This grant provides support to develop a methodology for the quantitative assessment of confidence in predictions of the motion of ash clouds caused by volcanic eruptions. By combining statistical modeling, stochastic analysis, and the tools of computational science together with a widely-used volcanic particle dispersion code, this grant will provide tools to assess real time predictions of ash cloud motion that accounts for varying wind conditions and a range of model variables. More specifically, the PUFF computer code will be used as the ash cloud simulation tool. PUFF, which propagates an airborne ash plume, will be integrated with a volcanic eruption model called BENT. BENT outputs ash distribution as a function of time and height. This integration substitutes for the unknown PUFF input parameters several BENT inputs that are better (but not entirely) constrained by physics. This integrated model will be used to develop a framework for analyzing the effects of uncertain parameters and of differing windfield models, on the output distribution for the cloud location. Polynomical chaos quadrature and stochastic integration techniques will be used to provide a quantitative measure of the reliability (i.e. error) of those predictions.
Understanding the effects of uncertainty in dispersion model predictions are important to assess and mitigate potential hazards associated with volcanic ash clouds. There are economic and sociologic impacts both near the volcano and far downwind from the eruption. For example, the airline industry decides flight schedules, routes, and fuel consumption estimates, based in part on dispersion model forecasts. The results of this research will provide decision makers and civil protection authorities with a framework for evaluating hazard risk. Importantly, this methodological development is independent of the specific PUFF code, so the framework for prediction and reliability analysis can be directly applied to other ash cloud codes, and more generally to other hazard models -- such as radiological and chemical plume dispersion, and gas release from truck or rail accidents.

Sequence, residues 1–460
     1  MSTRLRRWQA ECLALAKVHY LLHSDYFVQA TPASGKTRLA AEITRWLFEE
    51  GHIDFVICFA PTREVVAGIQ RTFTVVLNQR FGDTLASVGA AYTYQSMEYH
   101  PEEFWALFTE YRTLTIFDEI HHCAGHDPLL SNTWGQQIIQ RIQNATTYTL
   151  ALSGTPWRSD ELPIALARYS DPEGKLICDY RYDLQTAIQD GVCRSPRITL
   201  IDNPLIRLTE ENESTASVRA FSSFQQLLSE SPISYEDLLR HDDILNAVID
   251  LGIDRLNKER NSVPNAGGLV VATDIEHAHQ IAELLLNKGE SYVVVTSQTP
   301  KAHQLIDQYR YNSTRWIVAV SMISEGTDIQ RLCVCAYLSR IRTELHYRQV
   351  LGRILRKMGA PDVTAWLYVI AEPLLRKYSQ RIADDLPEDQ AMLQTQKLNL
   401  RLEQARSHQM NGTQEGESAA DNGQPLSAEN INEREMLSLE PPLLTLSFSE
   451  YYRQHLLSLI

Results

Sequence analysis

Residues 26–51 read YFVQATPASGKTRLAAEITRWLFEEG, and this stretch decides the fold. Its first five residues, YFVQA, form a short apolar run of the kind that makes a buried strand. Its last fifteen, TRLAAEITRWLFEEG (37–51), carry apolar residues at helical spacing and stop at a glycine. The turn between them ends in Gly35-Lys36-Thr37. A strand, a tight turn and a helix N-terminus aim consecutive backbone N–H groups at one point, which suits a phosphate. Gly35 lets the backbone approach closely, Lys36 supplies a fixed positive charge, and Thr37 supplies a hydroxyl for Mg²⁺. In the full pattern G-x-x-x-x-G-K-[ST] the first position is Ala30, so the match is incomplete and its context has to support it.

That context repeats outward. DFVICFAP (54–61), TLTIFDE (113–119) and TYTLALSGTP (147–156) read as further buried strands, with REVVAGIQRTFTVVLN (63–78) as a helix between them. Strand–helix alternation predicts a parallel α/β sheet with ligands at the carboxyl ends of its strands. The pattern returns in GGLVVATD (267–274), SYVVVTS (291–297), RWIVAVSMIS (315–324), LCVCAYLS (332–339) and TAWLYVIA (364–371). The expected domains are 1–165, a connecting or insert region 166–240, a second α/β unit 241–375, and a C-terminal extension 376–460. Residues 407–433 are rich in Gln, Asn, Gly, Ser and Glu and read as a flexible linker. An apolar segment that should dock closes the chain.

Intellectual Merit This project brought together volcanologists, remote sensing scientists, engineers and statisticians in a unique team to understand the complexities of probabilistic modeling and develop a workflow system to classify, quantify and ultimately reduce uncertainties in volcanic cloud dispersion modeling. The work was a collaboration of scientists from University of Alaska Fairbanks and the State University of New York-Buffalo. The team built a system that incorporated the dispersion model input variability and numerical weather prediction ensembles to develop a full probabilistic modeling of ash clouds. This system was developed to be applicable for any volcanic eruption worldwide. A new coupled system was built, through collaborative research at the two universities, called Puffin or Bent-Puff, integrating a one-D plume rise model and Lagrangian dispersion model. This tool can be used for both deterministic and probabilistic dispersion modeling and is available online through the NSF funded Vhub website, https://vhub.org/. The project workflow can be used to improve dispersion model input uncertainty and be compared to probabilistic satellite observations of ash loading to increase confidence in each technique. The final product from the project can be used to assist in volcanic ash cloud decision making and hazard assessment. Broader impacts The NSF IDR project involved graduate students at each collaborative institution. Students developed new research as part of their Masters and PhD programs, publishing in peer reviewed literature and their final graduate thesis. The work developed in these graduate programs was a collaboration of each of the groups involved in the NSF IDR project, as can be seen from the author list of the papers with the students as lead authors. The developed tools are available for use on the NSF funded Vhub, https://vhub.org/, including the coupled one-D plume rise model and Lagrangian dispersion model. As part of the research, both faculty and students attended U.S. based and international research meetings, to present their work and discussion the project work with the larger research community. Also, a workshop was included in the project to bring together researchers to increase the broader impact of the projects' tools and to also increase the capacity of these researchers in probabilstic modeling and build upon and use the tools from this NSF IDR project. Finally, numerous peer reviewed papers were published, with many having a student as the lead author, thus building the next generation of geoscience, engineering and mathematical modeling scientists.